Our Liars Here In Maine

Every now and again, I run across something from the olden days that just has got to be shared with you.  This is a poem written by Holman Day way back in 1902 or thereabouts, and in order to save you unnecessary effort — I wouldn’t care to strain your eyes — I’ve done the reading for you.

The text, in case you left your readers off and can’t make it out, is below the little sound bar.  If you’re not conversant with modern technology, you play it by hitting the triangle thingie on the left hand side.  (Thinking of you, Clark.)




There was Sinon, he of Troy, and Ulysses, too, and Cain,
Who preceded many centuries the liars here in Maine.
There was Gulliver, Munchausen, there was Ananias, too,
A very handsome job of it those gentlemen could do.

Yet look at Ananias! Why, his story knocked him dead,
But here in Maine the liar “does” the other man instead.
And Sinon, he of Troy, had to plan and build his lie,
But here in Maine the liar doesn’t even have to try.

For the pure prevarication comes cascading down his lip
And he never seems to falter or to stub his toe and trip.
And he walks abroad with honor, and no mortal will arraign
The pure and worthy motives of the liar here in Maine.

His strongest hold is fishing, and he fixes with his eye
The victim who must listen and who never dares deny.
Each river and pellucid pond, each brooklet and each stream,
Possesses fifty liars to preserve it in esteem.
And he that owns a yaller dog, and he that owns a hoss
Will never see their laurels dimmed, if words can add a gloss.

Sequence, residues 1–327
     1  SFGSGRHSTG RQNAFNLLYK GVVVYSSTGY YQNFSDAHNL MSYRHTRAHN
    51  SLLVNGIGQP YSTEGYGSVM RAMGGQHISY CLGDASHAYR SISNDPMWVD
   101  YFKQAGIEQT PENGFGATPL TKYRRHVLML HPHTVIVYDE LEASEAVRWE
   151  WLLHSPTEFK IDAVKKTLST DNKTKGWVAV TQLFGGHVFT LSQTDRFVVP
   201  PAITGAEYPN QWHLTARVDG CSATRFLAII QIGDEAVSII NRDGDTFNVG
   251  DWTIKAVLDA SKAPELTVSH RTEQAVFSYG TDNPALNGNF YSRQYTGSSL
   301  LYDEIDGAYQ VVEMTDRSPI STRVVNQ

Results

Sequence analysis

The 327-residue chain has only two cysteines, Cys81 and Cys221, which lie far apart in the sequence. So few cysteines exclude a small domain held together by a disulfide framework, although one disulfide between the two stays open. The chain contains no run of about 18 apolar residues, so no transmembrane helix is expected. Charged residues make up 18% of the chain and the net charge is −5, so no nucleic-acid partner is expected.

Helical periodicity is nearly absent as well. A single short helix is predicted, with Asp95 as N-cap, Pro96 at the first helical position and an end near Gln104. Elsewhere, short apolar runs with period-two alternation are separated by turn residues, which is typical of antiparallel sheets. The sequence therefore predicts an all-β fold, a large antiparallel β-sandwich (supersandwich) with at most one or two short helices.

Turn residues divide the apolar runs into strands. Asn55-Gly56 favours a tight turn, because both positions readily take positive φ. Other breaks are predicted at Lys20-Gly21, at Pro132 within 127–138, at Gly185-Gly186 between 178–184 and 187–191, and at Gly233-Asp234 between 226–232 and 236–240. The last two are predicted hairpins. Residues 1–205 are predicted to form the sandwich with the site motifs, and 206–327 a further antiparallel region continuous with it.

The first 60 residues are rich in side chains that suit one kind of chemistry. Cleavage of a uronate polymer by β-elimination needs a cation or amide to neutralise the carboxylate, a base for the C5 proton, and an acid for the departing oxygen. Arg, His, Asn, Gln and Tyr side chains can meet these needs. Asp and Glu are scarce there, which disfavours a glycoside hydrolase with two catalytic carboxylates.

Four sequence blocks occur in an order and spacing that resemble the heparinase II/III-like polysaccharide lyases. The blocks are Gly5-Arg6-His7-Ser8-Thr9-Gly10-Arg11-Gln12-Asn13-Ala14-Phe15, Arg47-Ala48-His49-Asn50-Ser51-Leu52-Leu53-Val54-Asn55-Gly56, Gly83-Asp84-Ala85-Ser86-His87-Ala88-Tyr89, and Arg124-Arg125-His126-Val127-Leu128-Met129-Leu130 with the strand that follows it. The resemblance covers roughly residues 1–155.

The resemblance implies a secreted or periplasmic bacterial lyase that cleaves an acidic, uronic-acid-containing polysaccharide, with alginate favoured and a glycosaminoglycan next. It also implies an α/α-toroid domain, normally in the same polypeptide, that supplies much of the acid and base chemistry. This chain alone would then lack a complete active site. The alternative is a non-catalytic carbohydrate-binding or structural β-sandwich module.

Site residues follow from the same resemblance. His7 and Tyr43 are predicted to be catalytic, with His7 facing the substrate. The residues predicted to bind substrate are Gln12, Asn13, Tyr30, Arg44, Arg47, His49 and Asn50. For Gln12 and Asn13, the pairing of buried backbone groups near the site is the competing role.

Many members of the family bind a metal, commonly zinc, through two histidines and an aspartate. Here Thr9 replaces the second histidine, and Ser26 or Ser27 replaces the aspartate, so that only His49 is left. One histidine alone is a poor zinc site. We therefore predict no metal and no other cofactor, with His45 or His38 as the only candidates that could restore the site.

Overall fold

’Tis true the old inhabitant, narrating ancient tales,
Occasionally soars to heights where homely language fails.
So then, alas, he’s hampered some, but note his kindling eye,
And as he gets his second wind, observe how he can lie!

’Tis no invidious charge I bring against this worthy crew,
We love the lies they tell to us and love the liars too.

They hold to truth in business deals, they’d never lie to cheat;
But when the “sport” comes down from town, by gracious he’s their meat.
They “torch” him up with narrative until his fancy steams
And swogons, yaps, and witherlicks go ramping through his dreams.

For when our solemn ruminants describe the olden times
They stimulate a state of mind I can’t describe in rhymes.

I pen this humble lyric and I bring a wreath of bay,
For the good prevaricators doing business down this way.

May their tongues be ever limber, and imagination free,
With no interloping infidel to ask how such can be.
May the plug from which they nibble spice a piquant, pungent tale,
May words to paint the details of their fiction never fail.
Let the chips from which they whittle always have an even grain,
And we’ll challenge all creation with our liars here in Maine.

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